On Airbnb, you can find shared rooms starting around 110 MAD ($11.25 USD) per night. Renting apartments and villas start around 436 MAD ($44 USD), and good if you want to stay in a traditional Moroccan home.
Average cost of food – Eating out in Fez can be extremely cheap. Crepes cost around 10 MAD ($1.25 USD), sandwiches are 20-25 MAD ($2.05-2.55 USD) and tangines (a slowly-simmered, flavorful dish) are between 30-40 MAD ($3.10-4.10 USD). A pot of mint tea is 8 MAD ($0.85 USD).
For fancier sit down restaurants, expect to pay 80-120 MAD ($8.25-12.25 USD) for a meal, with western food on the higher-end and sometimes topping 150 MAD ($15.50 USD) per dish. Pizza is really popular right now and goes for around 40 MAD ($4.10 USD). On the top end, main courses (whether tagine or steak) begin at 150 MAD ($15.50 USD).
If you cook your own food, expect to pay 200 MAD ($20.50 USD) per week for groceries that will include pasta, vegetables, chicken, and other basic foods.
Backpacking Fez Suggested Budgets
If you’re backpacking Fez, my suggested budget is about 300-500 MAD ($30-51 USD) per day. This budget will cover staying in a hostel dorm, eating in cafes and from street stalls, walking or taking public transit everywhere, and a couple of paid attractions.
A mid-range budget of about 726 MAD ($74 USD) will cover a room at a two-star or three-star budget hotel or a private Airbnb room, eating at cafes and street stalls as well as dinner at a nice restaurant with table service, walking and perhaps taking a taxi, and a couple of paid attractions per day.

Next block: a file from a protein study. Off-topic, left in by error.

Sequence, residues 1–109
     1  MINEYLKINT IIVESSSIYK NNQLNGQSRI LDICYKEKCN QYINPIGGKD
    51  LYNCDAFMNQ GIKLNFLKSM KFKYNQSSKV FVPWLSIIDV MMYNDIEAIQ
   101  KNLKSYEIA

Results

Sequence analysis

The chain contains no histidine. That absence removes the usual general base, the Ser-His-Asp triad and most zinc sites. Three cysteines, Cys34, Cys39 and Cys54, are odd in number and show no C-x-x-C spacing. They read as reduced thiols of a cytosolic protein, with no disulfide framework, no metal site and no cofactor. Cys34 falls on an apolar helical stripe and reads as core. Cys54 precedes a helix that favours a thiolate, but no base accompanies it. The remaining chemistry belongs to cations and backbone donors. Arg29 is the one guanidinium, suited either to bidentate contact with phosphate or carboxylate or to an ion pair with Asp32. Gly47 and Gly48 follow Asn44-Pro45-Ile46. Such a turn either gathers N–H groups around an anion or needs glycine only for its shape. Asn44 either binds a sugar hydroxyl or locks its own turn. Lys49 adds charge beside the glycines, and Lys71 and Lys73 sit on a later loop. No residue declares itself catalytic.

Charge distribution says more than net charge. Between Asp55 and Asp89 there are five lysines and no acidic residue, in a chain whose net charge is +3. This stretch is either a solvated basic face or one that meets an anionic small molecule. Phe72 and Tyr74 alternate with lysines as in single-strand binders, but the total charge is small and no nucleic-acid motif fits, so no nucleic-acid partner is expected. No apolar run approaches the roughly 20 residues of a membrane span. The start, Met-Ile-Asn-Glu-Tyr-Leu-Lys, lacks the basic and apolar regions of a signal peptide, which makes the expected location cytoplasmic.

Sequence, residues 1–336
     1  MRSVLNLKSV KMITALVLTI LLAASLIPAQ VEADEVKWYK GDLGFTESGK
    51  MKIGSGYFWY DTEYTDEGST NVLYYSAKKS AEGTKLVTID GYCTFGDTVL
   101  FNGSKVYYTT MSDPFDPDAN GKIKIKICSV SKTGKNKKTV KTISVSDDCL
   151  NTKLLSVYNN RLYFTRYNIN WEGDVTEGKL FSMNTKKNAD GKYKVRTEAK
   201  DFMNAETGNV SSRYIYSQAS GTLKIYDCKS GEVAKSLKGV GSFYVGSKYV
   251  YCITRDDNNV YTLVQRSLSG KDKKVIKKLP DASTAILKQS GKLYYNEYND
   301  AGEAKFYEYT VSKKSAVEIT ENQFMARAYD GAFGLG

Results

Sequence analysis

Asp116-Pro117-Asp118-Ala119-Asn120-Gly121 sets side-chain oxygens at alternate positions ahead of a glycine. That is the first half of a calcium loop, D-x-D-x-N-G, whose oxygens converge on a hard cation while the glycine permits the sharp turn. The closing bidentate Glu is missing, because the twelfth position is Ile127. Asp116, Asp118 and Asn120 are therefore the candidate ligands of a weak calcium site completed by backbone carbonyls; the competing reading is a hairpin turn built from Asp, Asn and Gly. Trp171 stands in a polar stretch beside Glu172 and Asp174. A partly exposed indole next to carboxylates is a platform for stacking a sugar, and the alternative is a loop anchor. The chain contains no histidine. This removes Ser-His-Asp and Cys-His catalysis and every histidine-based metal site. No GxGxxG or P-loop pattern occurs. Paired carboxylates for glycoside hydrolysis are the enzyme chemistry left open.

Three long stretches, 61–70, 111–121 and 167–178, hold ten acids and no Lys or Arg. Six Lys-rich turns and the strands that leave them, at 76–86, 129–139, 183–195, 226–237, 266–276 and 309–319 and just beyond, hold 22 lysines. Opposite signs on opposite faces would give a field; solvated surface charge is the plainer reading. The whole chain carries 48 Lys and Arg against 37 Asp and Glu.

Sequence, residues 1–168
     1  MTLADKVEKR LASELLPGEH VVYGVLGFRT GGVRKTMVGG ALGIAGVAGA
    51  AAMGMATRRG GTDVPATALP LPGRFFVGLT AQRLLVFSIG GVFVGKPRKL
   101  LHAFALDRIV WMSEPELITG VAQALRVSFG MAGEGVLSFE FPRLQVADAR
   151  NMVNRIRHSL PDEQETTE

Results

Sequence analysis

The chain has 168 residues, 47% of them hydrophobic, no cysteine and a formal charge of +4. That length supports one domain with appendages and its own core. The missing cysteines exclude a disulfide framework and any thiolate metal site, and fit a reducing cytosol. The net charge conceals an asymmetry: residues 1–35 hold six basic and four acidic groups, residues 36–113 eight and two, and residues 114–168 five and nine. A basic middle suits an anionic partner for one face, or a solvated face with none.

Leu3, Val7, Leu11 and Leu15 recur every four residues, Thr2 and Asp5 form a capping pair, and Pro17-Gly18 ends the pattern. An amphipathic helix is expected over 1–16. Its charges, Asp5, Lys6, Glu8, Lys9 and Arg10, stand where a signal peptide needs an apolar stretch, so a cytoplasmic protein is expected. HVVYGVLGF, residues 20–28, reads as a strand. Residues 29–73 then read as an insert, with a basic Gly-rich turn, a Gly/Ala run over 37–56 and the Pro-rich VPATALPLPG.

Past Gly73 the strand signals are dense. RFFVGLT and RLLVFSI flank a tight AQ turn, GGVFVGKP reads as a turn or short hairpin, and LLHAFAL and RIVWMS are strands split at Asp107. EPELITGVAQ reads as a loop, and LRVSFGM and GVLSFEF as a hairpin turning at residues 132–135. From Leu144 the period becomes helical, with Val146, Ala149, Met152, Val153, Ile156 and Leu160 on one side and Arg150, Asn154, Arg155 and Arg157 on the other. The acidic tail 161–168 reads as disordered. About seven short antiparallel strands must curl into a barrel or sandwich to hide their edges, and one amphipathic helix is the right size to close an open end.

For a luxury budget of 2,042 MAD ($208 USD) or more, you will stay in a four-star hotel and be able to do anything and eat anything you want. The sky is the limit!
You can use the chart below to get some idea of how much you need to budget daily. Keep in mind these are daily averages – some days you’ll spend more, some days you’ll spend less (you might spend less every day). We just want to give you a general idea of how to make your budget. Prices are in USD.
Fez Travel Guide: Money Saving Tips
Fez, like the rest of Morocco, is very cheap so it’s easy to visit here and save money. You don’t need to “do” a lot to visit on a budget. That said, here are some ways to save money in Fez without cutting your fun down:
- Eat at the markets – Stick to eating at the local markets in the medina or away from the tourist centers in the new town and you’ll spend very little money on food!